Managing Technical Debt From Legacy Systems Not Moving To Cloud

Managing Technical Debt From Legacy Systems Not Moving To Cloud

In recent blogs about the legacy technical dilemma and strategic decisions in managing legacy IT, I advised that companies need to reconcile themselves to the fact that they will continue to have significant legacy estates that will take a long time to move to the cloud and, therefore, will have legacy technical debt for the foreseeable future. It is not unusual for companies to have layers of efficiency-focused legacy technology 30 or more years old. That debt will continue to accumulate because companies need to invest in updating those systems to avoid significant business risks. The question is what to do about this technical debt.

Risks of not investing in legacy systems

Three areas of deficiencies affect legacy systems and necessitate investments to bring them up to capabilities for current business needs. The older the system, the more investment it may take to update it to meet current needs, and the more the technical debt will build.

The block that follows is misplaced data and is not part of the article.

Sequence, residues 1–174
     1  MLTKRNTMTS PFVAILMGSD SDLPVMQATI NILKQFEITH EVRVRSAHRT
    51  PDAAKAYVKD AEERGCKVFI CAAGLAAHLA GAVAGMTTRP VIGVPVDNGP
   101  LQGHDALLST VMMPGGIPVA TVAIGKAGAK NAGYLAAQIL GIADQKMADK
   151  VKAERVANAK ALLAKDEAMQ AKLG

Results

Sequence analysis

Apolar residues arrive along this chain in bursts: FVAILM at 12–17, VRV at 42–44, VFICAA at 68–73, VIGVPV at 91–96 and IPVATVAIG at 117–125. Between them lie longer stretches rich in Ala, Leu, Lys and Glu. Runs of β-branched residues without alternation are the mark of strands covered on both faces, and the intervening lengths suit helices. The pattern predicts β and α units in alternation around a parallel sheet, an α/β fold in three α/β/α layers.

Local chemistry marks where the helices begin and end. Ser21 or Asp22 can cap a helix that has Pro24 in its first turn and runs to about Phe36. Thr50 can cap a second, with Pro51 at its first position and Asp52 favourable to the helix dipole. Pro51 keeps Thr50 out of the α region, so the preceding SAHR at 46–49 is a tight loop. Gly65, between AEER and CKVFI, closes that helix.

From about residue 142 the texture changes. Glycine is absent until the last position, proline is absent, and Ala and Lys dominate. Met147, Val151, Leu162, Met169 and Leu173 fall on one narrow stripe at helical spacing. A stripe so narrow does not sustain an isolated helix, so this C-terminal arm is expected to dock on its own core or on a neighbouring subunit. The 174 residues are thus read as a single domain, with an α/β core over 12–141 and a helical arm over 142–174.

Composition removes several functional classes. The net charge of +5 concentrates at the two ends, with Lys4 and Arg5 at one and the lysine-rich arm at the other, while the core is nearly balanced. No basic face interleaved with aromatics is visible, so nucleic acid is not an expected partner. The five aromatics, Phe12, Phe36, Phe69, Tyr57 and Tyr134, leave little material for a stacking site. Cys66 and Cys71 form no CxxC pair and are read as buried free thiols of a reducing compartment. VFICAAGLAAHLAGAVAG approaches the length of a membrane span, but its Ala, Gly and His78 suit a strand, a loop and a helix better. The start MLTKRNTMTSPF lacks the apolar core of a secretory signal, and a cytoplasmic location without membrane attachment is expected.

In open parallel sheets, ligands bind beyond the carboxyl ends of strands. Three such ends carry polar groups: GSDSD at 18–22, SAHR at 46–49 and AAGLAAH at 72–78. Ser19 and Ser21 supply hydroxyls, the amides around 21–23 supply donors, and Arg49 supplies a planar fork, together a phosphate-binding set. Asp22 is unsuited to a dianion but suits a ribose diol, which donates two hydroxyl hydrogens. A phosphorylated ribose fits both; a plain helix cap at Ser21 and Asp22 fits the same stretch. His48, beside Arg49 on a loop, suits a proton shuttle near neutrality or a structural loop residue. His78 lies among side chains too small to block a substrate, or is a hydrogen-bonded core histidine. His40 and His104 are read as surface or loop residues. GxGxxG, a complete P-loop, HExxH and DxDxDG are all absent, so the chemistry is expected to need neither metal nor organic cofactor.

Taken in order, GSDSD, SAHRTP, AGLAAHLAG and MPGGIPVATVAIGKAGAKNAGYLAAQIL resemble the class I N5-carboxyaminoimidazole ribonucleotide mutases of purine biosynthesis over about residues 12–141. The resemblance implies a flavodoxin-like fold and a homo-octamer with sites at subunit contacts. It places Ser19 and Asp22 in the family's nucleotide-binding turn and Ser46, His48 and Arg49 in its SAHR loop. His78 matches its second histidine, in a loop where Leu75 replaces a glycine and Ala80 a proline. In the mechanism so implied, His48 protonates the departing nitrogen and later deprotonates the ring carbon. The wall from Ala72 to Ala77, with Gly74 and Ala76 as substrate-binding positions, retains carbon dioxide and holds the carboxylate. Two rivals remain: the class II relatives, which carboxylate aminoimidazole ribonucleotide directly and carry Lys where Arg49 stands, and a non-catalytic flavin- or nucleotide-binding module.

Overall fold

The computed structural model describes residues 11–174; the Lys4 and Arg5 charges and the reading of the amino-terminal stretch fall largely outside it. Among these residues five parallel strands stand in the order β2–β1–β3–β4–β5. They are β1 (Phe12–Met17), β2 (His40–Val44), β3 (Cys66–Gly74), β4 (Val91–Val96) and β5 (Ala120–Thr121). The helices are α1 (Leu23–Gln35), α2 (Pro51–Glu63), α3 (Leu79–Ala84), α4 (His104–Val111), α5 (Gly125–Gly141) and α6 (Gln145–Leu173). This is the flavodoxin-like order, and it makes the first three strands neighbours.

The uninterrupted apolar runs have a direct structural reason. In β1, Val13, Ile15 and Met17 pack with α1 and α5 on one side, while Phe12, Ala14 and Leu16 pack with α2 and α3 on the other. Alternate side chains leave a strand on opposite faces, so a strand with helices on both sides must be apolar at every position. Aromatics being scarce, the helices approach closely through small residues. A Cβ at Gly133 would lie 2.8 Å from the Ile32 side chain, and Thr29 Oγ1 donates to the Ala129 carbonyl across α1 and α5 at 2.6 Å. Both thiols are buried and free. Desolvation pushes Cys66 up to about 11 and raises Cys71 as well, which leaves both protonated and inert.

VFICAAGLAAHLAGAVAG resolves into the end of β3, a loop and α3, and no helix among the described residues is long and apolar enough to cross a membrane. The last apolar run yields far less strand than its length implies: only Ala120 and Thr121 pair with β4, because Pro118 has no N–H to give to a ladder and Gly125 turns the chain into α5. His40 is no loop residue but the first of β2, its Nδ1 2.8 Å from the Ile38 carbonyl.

The first area is security, and, increasingly, it is the most compelling of the three arguments. Inconveniently, legacy systems process vital functions in businesses, but companies often overlook this when it comes to security; hence, they are vulnerable to attack. There are so many new threats to technology systems today, and companies uncover threat vectors that they need to patch or accommodate. In addition to the current architecture, security technology is ever-changing; and new technologies emerge, driving the need to reinvest in security for the existing architecture.

Security for legacy applications is where companies least likely want to invest. The mindset now is to invest in the cloud and in platform technologies that improve competitive capabilities. Nevertheless, companies need to identify, anticipate, and close the security risks in legacy technology by investing in legacy environments.

A second argument is exacerbated by the headlong rush into a data-driven world. Almost every company is now engaged in some significant digital transformation. The kinds of data that companies wish to capture now, and the ways data are exposed to multiple systems today, are different than the data flows anticipated when companies built their older systems. Legacy systems house and generate data that is important to the rest of the enterprise, particularly to the platforms companies are building that drive the way they compete and deliver improvements in customer experience.

Increasingly in our emerging data-driven world, all systems are connected through the data channel. Therefore, companies need to continually invest in evolving their legacy systems.

The third argument is the need to increase performance and enhance functionality as business needs evolve. Hence, companies need to invest in adjusting legacy technologies to handle the new functionalities, new volumes, and increased performance.